While I've modified it since, here's an old template text file I posted as reference.

Keep in mind MD5s create a signature for the entire file, so if, for example, a tag associated in the file changes, the MD5 will no longer match.  Which is why I like...

FLAC FingerPrint (FFP) files do the same thing, but for FLAC files.  The nice thing (I think) about FFPs:  they create a "signature" only for the audio content.  This means I can change my tags and the FFP will still match.
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Offline Mr.Fantasy

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Re: Masters?
« Reply #5 on: January 01, 2008, 07:24:43 PM »
What are these Fingerprints (which I think I can do in FLAC Frontend ???) for? Like what purpose do these files serve?

Is this for trading and whatnot? like seeing a torrent or something like that? Because I don't plan on that...yet at least...

I am sorry if this is all basic...and further reference material you guys think I might need to look at would be much appreciated....

+T to Brian, as always, and +T in 12 to Jaledu...



"I read somewhere that 77 percent of all the mentally ill live in poverty. Actually, I'm more intrigued by the 23 percent who are apparently doing quite well for themselves" ---Jerry Garcia

Modified Nak 300's -> PS2 -> R-09 (looking for a pre-amp but am very indecisive)

Offline cleantone

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Re: Masters?
« Reply #6 on: January 01, 2008, 09:53:30 PM »
Quote
Like what purpose do these files serve?

It is for verification. Suppose you were to burn a CDR/DVDR or transfer a file on the internet. The MD5 or Fingerprint file can be used to verify that the file it intact and not flawed. May come in handy ten years from now when your transferring to some data storage that has yet to be invented.
ISO: your recordings of The Slip, Surprise Me Mr. Davis and The Barr Brothers. pm me please.

Offline Mr.Fantasy

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Re: Masters?
« Reply #7 on: January 01, 2008, 10:20:21 PM »
Okay...I see...

So I guess I need to get myself a nice external hard drive, seems like I am going to need something like a 500 eventually...I see these things getting pretty cheap lately...

I may look into starting to burn my stuff down to DVD's as well...I wonder how much fits onto a dvd?  ???

I am also going to write up some text files...

+T...
"I read somewhere that 77 percent of all the mentally ill live in poverty. Actually, I'm more intrigued by the 23 percent who are apparently doing quite well for themselves" ---Jerry Garcia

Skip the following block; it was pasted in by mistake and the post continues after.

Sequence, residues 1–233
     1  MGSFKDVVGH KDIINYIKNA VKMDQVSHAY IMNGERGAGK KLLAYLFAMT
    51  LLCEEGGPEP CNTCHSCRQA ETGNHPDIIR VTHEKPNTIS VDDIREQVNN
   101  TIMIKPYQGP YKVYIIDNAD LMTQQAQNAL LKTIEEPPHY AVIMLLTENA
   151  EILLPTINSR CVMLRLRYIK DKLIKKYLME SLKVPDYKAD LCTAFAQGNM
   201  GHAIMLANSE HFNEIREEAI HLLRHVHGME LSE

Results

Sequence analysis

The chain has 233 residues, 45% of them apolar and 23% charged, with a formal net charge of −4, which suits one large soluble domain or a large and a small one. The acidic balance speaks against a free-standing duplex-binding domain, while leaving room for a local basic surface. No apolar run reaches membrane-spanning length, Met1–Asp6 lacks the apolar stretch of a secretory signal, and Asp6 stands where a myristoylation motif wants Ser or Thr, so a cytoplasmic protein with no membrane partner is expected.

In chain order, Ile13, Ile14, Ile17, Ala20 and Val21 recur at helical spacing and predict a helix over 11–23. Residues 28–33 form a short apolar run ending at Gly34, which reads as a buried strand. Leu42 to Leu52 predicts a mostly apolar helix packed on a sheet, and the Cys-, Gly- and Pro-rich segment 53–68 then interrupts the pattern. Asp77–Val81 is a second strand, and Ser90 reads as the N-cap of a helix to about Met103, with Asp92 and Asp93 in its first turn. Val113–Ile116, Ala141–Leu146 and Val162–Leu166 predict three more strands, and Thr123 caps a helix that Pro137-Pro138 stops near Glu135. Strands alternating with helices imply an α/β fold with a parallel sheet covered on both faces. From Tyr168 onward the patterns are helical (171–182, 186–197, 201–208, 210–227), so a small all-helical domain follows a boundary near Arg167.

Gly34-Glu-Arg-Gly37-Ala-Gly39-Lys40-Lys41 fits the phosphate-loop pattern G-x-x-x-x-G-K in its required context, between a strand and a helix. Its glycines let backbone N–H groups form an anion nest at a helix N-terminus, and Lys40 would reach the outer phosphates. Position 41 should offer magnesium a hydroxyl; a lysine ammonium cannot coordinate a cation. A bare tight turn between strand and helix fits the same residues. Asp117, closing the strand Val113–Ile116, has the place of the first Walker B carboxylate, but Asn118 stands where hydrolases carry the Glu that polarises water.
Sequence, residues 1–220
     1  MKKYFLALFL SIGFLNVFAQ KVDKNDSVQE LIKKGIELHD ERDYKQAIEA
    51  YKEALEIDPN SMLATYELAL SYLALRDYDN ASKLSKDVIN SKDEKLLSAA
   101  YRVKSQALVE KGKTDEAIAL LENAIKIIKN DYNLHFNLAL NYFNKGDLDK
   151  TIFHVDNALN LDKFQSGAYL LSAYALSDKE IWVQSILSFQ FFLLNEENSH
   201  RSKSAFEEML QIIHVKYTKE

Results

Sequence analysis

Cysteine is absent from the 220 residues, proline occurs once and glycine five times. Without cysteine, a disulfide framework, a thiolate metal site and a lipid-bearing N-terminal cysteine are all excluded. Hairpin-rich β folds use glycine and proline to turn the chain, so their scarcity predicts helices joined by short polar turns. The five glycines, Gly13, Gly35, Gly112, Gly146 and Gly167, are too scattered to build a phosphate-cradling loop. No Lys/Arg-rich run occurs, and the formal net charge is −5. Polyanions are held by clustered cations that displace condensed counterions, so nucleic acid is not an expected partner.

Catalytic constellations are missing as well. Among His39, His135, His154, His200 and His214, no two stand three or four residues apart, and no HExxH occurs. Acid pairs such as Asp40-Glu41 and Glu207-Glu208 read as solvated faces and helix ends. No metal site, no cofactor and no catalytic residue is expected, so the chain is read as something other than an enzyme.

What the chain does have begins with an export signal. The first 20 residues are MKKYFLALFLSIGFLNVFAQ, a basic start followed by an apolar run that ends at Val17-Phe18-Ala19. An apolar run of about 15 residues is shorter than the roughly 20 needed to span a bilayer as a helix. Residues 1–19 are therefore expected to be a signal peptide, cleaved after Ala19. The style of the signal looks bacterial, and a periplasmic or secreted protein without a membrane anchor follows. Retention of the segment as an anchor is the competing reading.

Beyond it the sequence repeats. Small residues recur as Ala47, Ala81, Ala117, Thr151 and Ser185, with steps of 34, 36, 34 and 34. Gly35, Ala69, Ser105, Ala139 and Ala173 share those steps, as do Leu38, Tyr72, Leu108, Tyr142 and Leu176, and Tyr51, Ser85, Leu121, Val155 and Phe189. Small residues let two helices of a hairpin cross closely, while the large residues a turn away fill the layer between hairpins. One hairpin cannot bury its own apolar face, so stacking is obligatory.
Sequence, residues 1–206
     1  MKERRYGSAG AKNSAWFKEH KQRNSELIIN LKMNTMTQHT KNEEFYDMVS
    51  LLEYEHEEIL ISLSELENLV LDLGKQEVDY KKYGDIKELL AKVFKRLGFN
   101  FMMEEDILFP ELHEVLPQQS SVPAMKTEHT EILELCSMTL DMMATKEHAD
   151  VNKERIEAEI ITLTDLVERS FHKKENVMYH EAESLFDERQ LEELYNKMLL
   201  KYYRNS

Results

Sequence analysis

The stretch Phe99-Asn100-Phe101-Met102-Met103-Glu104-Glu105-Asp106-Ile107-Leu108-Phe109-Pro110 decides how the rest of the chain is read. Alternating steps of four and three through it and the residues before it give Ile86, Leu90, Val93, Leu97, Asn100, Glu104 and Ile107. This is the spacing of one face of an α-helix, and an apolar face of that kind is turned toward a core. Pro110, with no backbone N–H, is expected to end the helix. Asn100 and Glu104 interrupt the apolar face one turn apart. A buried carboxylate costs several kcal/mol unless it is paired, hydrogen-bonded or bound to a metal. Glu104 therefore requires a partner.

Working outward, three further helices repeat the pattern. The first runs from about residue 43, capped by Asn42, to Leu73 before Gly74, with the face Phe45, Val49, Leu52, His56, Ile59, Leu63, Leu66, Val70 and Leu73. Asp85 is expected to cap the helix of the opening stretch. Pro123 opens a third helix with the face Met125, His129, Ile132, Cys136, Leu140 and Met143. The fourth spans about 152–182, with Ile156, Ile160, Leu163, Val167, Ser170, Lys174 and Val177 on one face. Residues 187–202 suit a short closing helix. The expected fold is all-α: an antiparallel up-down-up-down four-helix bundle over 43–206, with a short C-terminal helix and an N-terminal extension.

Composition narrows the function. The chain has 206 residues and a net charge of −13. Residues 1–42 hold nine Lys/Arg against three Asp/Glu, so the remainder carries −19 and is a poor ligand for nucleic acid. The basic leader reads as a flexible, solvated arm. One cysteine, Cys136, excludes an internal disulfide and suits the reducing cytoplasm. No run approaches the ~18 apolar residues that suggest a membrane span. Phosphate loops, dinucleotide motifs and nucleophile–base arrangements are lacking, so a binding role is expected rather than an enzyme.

Modified Nak 300's -> PS2 -> R-09 (looking for a pre-amp but am very indecisive)

Offline cleantone

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Re: Masters?
« Reply #8 on: January 01, 2008, 10:24:56 PM »
4.36 gigabytes fit onto a DVDR single layer disc.
ISO: your recordings of The Slip, Surprise Me Mr. Davis and The Barr Brothers. pm me please.

Offline goodcooker

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Re: Masters?
« Reply #9 on: January 02, 2008, 11:59:29 AM »
So I guess I need to get myself a nice external hard drive, seems like I am going to need something like a 500 eventually
I may look into starting to burn my stuff down to DVD's as well
I am also going to write up some text files

I do both...save the filesets on external HD and burn to data DVD.
I also give away lots of copies to people in the neighborhood in case something happens.
I write my text file at the time of transfer (basic info thru mic config/gear used)and update it at each stage of the process(post process info/setlist/notes/fingerprint)
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Offline Brian Skalinder

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Re: Masters?
« Reply #10 on: January 02, 2008, 10:35:11 PM »
I recommend developing a workflow and sticking to it.  I even wrote mine out as a checklist initially to help ensure consistency.  Now it's second nature, so I don't use the checklist any longer.

Couple other things to keep in mind:

1.  Redundancy / Fault Tolerance
2.  Backup

Redundancy / Fault Tolerance

Basically, redundancy allows you to continue functioning - without potentially long or painful restoration from off-line backups - in the event of a component failure, like a HDD.  I have all 620 GB of my audio data (masters, other live recordings, studio) simultaneously stored on two HDDs.  They're basically mirrors of one another that are synced automatically every night.  More info in the reasonable redundancy thread.  (My personal needs / preferences don't warrant real-time redundancy, a la RAID.)  If one HDD fails, I still have access to my data.  In this event, I'd replace the dead HDD and re-sync the new HDD with the existing HDD.  (In fact, I just had a HDD die on me...need to order another pronto.)

Backup